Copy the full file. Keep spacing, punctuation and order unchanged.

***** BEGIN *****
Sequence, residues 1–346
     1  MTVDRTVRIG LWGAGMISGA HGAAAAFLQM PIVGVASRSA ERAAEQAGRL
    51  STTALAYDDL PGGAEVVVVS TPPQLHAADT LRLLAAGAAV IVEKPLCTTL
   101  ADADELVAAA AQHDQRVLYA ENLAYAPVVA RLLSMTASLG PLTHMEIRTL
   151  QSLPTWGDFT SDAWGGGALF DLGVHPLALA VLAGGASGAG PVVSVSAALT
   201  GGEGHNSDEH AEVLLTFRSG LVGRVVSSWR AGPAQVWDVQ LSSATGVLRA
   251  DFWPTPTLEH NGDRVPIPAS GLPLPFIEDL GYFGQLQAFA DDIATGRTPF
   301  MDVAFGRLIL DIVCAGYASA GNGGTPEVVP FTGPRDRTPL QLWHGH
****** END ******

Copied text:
Sequence, residues 1–346
     1  MTVDRTVRIG LWGAGMISGA HGAAAAFLQM PIVGVASRSA ERAAEQAGRL
    51  STTALAYDDL PGGAEVVVVS TPPQLHAADT LRLLAAGAAV IVEKPLCTTL
   101  ADADELVAAA AQHDQRVLYA ENLAYAPVVA RLLSMTASLG PLTHMEIRTL
   151  QSLPTWGDFT SDAWGGGALF DLGVHPLALA VLAGGASGAG PVVSVSAALT
   201  GGEGHNSDEH AEVLLTFRSG LVGRVVSSWR AGPAQVWDVQ LSSATGVLRA
   251  DFWPTPTLEH NGDRVPIPAS GLPLPFIEDL GYFGQLQAFA DDIATGRTPF
   301  MDVAFGRLIL DIVCAGYASA GNGGTPEVVP FTGPRDRTPL QLWHGH